The old man wants to exhibit his picture “Trees Dressed in White” in a famous gallery. Here oxymoron is used (Upon this distinguished group Ellsworth was going to foist his Trees Dressed in White). The climax is reached when the picture is accepted for the Lathrop show. The author used epithets (a god-awful smudge; a loud, raucous splash on the wall) and simile (which resembled a gob of salad dressing thrown violently up against the side of a house) to give a real appraisal of the painting and show the absurd accepting this picture to the gallery.

The author used epithet (a lifetime dream of every mature artist was a Lathrop prize) and inversion (upon this distinguished group Ellsworth was going to foist his painting) to emphasize the importance of this exhibition, its scale and prestigious. The tension is still kept when we learn that this picture wins the first prize. Then, in the denouement we learn that the old man had bought this gallery. The form of speech of the text under analysis is equally direct and indirect. The prevailing forms of utterance are narration and dialogue.

The text is told in mixture type of speech. The types of speech have peculiarities at each language level. On the phonological level in the written type of speech full forms of modal and auxiliary verbs are presented: he had done some, he would dwell on, he would not allow, he could not bear. Although contracted forms of the spoken type prevail: it’s good, I can’t do, He won’t take, he doesn’t want, how’d you like, I didn’t expect, art’s nothing etc. On the morphological level both types of speech are presented. Let us proceed with the analysis of the tense-forms.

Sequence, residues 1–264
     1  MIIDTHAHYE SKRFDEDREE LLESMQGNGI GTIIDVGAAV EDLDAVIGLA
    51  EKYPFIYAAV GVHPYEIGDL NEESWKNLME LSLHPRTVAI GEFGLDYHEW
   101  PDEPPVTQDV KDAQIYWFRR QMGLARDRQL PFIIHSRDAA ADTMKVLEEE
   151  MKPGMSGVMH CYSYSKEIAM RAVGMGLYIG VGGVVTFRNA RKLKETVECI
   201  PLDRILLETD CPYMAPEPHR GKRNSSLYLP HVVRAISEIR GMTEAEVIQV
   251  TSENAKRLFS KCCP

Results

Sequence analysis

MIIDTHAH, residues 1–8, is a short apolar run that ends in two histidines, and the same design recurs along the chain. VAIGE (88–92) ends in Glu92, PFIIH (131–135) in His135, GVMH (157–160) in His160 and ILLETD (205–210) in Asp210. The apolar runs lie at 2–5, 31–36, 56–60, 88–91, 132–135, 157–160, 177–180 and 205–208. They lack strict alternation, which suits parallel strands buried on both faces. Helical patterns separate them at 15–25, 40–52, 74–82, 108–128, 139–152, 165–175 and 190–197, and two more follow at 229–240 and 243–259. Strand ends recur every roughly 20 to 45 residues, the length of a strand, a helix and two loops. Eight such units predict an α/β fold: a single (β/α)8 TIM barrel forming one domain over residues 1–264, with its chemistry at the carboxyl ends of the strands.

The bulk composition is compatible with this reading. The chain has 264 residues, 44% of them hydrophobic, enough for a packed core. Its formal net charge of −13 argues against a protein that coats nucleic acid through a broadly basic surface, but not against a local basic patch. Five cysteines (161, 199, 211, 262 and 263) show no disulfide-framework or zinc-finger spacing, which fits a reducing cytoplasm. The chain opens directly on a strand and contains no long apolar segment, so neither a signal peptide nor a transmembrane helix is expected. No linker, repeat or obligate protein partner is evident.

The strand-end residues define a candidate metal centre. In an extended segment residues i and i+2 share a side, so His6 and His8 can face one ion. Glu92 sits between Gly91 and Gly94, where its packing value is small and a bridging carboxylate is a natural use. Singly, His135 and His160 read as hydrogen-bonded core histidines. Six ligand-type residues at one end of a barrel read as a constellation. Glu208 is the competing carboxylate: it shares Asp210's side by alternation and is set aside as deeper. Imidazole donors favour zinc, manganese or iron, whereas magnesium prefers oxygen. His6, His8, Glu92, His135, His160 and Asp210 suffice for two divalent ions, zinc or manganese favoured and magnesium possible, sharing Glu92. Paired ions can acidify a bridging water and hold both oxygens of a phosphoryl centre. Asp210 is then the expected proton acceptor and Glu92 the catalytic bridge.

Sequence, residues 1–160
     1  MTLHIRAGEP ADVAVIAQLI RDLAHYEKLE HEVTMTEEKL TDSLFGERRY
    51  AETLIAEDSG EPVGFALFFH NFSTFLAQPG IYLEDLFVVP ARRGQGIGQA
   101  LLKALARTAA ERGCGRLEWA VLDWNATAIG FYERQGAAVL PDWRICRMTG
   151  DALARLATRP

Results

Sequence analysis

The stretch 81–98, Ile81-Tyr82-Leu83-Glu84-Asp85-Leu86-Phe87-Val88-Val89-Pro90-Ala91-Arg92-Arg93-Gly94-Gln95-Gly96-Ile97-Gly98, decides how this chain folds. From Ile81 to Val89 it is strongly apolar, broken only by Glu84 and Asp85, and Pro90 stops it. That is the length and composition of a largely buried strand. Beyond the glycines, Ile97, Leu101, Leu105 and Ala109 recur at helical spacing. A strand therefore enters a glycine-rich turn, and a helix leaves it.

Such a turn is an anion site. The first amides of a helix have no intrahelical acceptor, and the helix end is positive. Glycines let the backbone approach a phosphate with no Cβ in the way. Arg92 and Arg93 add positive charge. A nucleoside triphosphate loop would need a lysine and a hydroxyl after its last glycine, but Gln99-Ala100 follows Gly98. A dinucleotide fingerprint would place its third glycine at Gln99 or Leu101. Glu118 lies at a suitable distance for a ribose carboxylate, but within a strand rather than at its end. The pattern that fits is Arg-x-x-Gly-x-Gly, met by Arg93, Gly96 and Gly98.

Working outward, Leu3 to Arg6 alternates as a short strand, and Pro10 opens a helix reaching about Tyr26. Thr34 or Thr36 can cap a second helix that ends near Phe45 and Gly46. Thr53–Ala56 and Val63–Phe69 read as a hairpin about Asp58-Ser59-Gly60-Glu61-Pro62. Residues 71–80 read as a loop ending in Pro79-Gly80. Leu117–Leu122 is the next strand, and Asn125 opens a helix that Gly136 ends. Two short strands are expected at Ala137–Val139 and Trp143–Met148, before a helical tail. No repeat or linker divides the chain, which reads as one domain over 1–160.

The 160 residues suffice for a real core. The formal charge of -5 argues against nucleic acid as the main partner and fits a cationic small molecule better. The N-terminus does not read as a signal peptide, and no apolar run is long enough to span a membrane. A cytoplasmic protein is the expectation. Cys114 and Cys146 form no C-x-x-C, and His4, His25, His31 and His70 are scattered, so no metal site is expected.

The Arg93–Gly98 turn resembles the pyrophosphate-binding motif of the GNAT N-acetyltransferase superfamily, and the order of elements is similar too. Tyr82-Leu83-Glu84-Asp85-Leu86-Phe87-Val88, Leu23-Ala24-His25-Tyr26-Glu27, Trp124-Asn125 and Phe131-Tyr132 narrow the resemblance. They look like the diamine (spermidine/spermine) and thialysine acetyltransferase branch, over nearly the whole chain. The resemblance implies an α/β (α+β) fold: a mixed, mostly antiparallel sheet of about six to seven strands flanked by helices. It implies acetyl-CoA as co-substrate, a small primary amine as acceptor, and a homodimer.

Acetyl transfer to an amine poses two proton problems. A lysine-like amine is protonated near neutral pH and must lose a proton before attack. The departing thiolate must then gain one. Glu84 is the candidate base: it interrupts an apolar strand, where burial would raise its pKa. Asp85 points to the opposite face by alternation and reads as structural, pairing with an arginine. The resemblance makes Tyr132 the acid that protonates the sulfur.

The prevailing tense-form used in the story is the Past Indefinite. It denotes the past action and a succession of past actions: As the weeks went by Swain’s visits grew more frequent. I bought the Lathrop Gallery last month. “Would” expresses past repeated actions and routine: He would dwell on the rich variety of color in a bowl of fruit. He would not allow his valet to send it to the cleaner’s. The Present Indefinite tense is used in the spoken type to denote actions and states continuing at the moment of speaking, habitual actions: He doesn’t want me to read to him. He hates radio.

I’m not an artist yet. The Present Continuous expresses a continuous action going on at the moment of speaking: you will have to look at what you’re drawing, sir. The present perfect tense is used to denote the action preceding the moment of speaking: I’ve thought of that too. all the good work we’ve accomplished. The First Landscape Prize of $1,ooo has been awarded to Collis P. Ellsworth for his painting. The Past Continuous tense denotes a continuous action in progress at a certain moment in the past: The treatment was working perfectly. An idea was forming in his head.